Leapfrog Group Releases Data on Early Elective Births
By Rachel Walden — January 26, 2011
The Leapfrog Group, an employer-oriented organization that examines the safety and quality of U.S. hospitals and releases an annual “top hospitals” list, today released data on rates of early elective cesarean sections and inductions performed without a medical indication in U.S. hospitals.
As Leapfrog’s media advisory notes, ACOG and other organizations recommend against elective induction or cesarean prior to 39 weeks in order to minimize possible complications for women and their babies. Hospital accrediting organization the Joint Commission has also started paying attention to this issue.
Hospitals were asked about their total number of births and number of births where an elective induction or cesarean section without a medical indication happened between 37 and 39 weeks. From 773 responding hospitals, rates ranged from <5% to >40%, and varied widely within states and cities. The Group set a target rate of 12%, and classified hospitals as better or worse than that target – half of hospitals reportedly met this target. It is not readily apparent how this target was set, but the Group does state that it plans to lower the target to 5% for 2011.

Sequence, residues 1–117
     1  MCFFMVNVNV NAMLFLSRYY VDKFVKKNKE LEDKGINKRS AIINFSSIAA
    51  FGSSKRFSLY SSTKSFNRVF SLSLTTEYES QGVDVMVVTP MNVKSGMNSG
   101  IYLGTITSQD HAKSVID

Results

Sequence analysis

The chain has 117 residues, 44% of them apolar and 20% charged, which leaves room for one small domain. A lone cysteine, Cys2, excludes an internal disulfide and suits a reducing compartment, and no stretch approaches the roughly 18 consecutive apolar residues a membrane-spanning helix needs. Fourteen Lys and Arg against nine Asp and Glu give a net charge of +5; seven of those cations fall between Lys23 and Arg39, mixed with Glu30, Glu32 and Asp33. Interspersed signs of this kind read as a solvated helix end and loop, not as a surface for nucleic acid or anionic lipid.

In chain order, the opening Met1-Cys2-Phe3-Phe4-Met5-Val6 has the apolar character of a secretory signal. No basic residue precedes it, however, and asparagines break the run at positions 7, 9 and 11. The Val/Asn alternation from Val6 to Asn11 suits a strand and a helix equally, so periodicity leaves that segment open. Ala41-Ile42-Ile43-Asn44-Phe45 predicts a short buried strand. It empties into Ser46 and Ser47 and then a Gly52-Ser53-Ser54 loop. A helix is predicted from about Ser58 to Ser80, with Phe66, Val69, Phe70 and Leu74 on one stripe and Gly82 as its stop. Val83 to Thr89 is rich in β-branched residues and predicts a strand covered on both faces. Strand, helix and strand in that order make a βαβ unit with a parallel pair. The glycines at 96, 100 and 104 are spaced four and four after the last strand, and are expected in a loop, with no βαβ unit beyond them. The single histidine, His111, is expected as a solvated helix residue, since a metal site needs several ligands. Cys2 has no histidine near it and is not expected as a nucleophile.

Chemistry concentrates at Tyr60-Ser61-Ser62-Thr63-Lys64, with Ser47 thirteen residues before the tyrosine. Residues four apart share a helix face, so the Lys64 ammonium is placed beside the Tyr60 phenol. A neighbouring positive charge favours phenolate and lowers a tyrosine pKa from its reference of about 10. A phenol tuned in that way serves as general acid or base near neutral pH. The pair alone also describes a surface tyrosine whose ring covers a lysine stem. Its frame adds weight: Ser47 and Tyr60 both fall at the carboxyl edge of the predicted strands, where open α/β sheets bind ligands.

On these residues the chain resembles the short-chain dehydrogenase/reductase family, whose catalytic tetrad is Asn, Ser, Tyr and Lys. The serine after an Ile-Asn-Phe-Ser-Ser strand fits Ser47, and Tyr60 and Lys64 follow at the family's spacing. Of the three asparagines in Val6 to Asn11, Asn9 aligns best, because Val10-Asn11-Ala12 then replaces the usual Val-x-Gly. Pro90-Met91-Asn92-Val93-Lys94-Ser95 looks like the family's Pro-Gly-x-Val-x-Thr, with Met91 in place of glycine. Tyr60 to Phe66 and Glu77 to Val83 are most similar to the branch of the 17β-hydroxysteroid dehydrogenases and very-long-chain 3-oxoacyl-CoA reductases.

Results from the survey are arranged by state at http://www.leapfroggroup.org/tooearlydeliveries#State. Not all hospitals responded, and I’d like to see more details about the survey methodology, but this data may provide a starting point for women choosing a hospital and those interested in working to reduce the rate of these early elective births and their associated harms.
The Leapfrog Group is holding two webinars for health care professionals, hosted by Leapfrog’s Senior Science Director the Medical Director of March of Dimes to focus and on the new 39-week toolkit developed by the March of Dimes and its partners. These webinars are being offered free of charge on February 15th from 12 noon to 1:00 p.m. ET and February 17th from 3:00 p.m. to 4:00 p.m. ET.
Related to the release of the report, Childbirth Connection has published a new section on induction of labor on its website.